The church had ceilings which were too low for a large building, windows that were too narrow for the long walls, and red carpet that didn’t quite suit Dixie’s style at all, but it was a church, the church her family had gone to and now she would go to ever after. She like to get there before the candles were lit for the service so she could smell the burning flame as the tiny fire took hold, reminding her of the flames that she might burn in if she wasn’t observant.
The benches were too cold in the winter and too sweaty warm in the summer. Someone always put flowers on the alter which made the air, which circulated poorly due to the ceiling hanging so low, cloying. Kay often left the church with her nose stuffed and her eyes watering.
It didn’t matter. Dixie wasn’t going to let Emrys steal her daughter’s soul.
“Mommy. I can’t breathe in there,” Kay had said. She was probably eight, tired, having been wakeful the whole night.
“Your soul doesn’t need to breathe,” Dixie said. Lorne wasn’t around. He’d have taken Kay’s side and said God wouldn’t care if she missed a Sunday, but Dixie wasn’t taking any chances.
“But my nose does.”
Dixie sighed and strapped her into the car so they could go to the church. When she closed her eyes, Dixie still saw Emrys sometimes, looking at her sadly. She imagined he looked at Kay with longing, but that demon wasn’t going to get her child.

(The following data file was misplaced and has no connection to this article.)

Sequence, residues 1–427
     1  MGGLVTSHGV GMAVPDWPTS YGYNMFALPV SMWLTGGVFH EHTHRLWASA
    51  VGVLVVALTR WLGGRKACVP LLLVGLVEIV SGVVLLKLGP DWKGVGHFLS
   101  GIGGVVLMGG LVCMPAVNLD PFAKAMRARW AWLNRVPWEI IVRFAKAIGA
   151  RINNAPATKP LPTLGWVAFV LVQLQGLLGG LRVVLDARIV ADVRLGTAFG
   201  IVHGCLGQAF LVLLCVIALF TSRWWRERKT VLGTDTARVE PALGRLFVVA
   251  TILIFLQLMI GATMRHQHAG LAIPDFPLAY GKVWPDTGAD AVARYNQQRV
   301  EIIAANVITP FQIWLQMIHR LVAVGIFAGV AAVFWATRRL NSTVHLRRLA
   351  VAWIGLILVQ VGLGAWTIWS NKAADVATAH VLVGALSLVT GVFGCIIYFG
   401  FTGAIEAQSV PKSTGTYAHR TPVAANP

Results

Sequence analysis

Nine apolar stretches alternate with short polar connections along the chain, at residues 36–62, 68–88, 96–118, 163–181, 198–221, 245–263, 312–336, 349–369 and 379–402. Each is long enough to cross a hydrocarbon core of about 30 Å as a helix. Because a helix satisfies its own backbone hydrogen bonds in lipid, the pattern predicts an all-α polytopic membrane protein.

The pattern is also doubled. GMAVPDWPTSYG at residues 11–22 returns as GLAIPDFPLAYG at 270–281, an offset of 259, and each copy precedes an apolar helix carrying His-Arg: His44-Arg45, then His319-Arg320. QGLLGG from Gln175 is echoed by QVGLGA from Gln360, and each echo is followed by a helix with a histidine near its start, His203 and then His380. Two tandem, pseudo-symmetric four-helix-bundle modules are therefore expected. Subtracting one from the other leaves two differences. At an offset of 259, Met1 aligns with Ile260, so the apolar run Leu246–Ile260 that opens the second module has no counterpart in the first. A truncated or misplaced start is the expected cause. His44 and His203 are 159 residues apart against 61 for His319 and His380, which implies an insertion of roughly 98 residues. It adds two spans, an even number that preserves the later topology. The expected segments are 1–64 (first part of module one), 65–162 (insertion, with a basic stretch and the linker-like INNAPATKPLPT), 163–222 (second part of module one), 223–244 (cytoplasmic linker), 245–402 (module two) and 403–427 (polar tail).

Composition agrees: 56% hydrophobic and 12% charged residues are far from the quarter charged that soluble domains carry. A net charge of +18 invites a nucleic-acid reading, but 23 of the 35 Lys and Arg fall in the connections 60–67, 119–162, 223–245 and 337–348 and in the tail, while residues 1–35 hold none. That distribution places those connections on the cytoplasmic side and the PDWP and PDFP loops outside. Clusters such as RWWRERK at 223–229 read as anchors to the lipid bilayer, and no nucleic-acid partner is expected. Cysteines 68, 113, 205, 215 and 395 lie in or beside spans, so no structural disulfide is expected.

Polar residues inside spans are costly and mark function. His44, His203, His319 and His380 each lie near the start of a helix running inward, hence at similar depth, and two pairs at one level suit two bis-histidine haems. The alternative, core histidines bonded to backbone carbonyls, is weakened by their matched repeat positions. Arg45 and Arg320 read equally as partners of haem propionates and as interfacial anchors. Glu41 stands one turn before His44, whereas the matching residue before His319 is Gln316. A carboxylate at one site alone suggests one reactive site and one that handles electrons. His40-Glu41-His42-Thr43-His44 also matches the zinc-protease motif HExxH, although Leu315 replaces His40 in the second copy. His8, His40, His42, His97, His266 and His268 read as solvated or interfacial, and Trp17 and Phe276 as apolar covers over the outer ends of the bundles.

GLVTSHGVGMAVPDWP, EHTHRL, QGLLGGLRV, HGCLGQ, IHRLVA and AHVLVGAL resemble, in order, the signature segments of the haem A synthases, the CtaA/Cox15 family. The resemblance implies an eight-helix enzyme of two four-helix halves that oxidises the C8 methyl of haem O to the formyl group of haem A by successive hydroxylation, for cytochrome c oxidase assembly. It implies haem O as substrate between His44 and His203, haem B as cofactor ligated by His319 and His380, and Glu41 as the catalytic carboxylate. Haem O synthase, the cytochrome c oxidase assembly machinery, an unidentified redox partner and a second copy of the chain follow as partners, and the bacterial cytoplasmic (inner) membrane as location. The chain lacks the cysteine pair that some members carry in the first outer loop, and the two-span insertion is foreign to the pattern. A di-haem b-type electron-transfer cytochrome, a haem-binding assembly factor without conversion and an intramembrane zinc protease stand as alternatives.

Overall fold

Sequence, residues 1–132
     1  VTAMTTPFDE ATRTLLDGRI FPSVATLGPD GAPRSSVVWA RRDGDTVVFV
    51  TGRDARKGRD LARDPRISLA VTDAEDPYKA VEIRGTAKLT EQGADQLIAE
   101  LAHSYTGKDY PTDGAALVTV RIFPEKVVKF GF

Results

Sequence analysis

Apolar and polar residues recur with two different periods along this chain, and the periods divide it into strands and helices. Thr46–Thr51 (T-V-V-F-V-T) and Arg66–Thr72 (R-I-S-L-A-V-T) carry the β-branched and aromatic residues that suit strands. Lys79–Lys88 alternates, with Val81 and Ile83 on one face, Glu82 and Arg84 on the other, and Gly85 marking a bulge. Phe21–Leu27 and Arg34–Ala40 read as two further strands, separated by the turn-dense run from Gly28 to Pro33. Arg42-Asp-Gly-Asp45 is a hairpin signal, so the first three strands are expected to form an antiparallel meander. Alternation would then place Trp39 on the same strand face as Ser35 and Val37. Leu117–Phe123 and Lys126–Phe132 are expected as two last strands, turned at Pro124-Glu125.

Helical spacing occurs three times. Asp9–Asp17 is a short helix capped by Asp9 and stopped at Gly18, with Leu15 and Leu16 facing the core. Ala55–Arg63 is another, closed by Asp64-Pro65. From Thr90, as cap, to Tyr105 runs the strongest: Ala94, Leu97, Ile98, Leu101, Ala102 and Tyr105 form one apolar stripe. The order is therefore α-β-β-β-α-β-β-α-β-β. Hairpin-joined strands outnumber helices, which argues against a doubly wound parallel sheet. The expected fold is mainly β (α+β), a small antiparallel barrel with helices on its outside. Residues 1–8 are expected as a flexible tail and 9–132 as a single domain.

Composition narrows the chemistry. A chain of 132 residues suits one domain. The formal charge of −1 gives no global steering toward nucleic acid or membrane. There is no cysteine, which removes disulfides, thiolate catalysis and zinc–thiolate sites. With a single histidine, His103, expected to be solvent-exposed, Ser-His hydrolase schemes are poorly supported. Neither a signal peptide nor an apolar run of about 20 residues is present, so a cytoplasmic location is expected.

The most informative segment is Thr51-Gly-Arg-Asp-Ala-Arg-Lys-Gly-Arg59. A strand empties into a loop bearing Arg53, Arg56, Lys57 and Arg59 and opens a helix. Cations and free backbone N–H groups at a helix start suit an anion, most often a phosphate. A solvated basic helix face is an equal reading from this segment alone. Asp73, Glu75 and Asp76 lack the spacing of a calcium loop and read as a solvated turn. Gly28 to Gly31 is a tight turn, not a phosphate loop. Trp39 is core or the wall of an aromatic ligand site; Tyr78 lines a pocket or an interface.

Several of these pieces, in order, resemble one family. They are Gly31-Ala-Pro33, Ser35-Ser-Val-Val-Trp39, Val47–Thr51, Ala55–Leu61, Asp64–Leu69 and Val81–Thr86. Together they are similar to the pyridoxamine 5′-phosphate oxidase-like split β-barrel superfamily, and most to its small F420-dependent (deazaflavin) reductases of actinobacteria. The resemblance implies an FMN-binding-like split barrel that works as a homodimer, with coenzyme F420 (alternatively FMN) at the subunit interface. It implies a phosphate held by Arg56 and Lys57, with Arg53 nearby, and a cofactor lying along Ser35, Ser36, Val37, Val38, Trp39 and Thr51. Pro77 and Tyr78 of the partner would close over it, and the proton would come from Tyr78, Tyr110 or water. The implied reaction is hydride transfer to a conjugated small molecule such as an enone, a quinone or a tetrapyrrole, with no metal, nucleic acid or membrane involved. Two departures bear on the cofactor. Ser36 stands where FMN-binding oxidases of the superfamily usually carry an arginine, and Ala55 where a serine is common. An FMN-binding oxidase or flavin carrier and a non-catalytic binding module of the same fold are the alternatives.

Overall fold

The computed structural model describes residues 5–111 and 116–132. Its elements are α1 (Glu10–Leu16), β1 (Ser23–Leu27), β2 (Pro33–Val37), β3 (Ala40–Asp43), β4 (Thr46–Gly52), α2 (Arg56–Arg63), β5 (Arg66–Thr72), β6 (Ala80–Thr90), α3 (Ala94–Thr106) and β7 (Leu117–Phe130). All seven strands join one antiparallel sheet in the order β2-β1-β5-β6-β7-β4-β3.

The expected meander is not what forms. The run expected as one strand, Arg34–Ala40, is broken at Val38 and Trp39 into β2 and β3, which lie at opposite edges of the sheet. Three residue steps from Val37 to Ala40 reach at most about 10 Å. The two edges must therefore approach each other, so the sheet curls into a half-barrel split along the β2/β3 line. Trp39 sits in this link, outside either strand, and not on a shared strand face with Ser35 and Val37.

Lorne slowly came out of the house, dressed in nice slacks and a button down shirt. It was one of the few times he looked nice, like a man should. Still, he adored her despite the fact that she’d murdered their son by consorting with that demon.
“It wasn’t your fault,” Lorne insisted over and over again when Dixie would wake in the night, needing to confess.
“But I talked to demons,” she said quietly. “I engaged with them. They told me only I could save the town.”
“Sshhh…” Lorne would soothe, quieting her over and over again, though his voice never quite reached the deep dark spot in her soul where the guilt lay. And blame. For she did blame Emrys for killing her baby. She didn’t believe it was just not meant, that there were problems with the fetus, that it never would have survived outside the womb. She was too far along for that to have been the case. The only thing that had kept her going during those dark days was the promise of a daughter.
Now that she had her daughter and she’d told Emrys to leave her alone, Dixie tried to avoid his face. She rarely went to the backyard. She kept busy in the church, helping with rummage sales and taking food to those in need—and there were a lot of needy in Corbin Meadow now.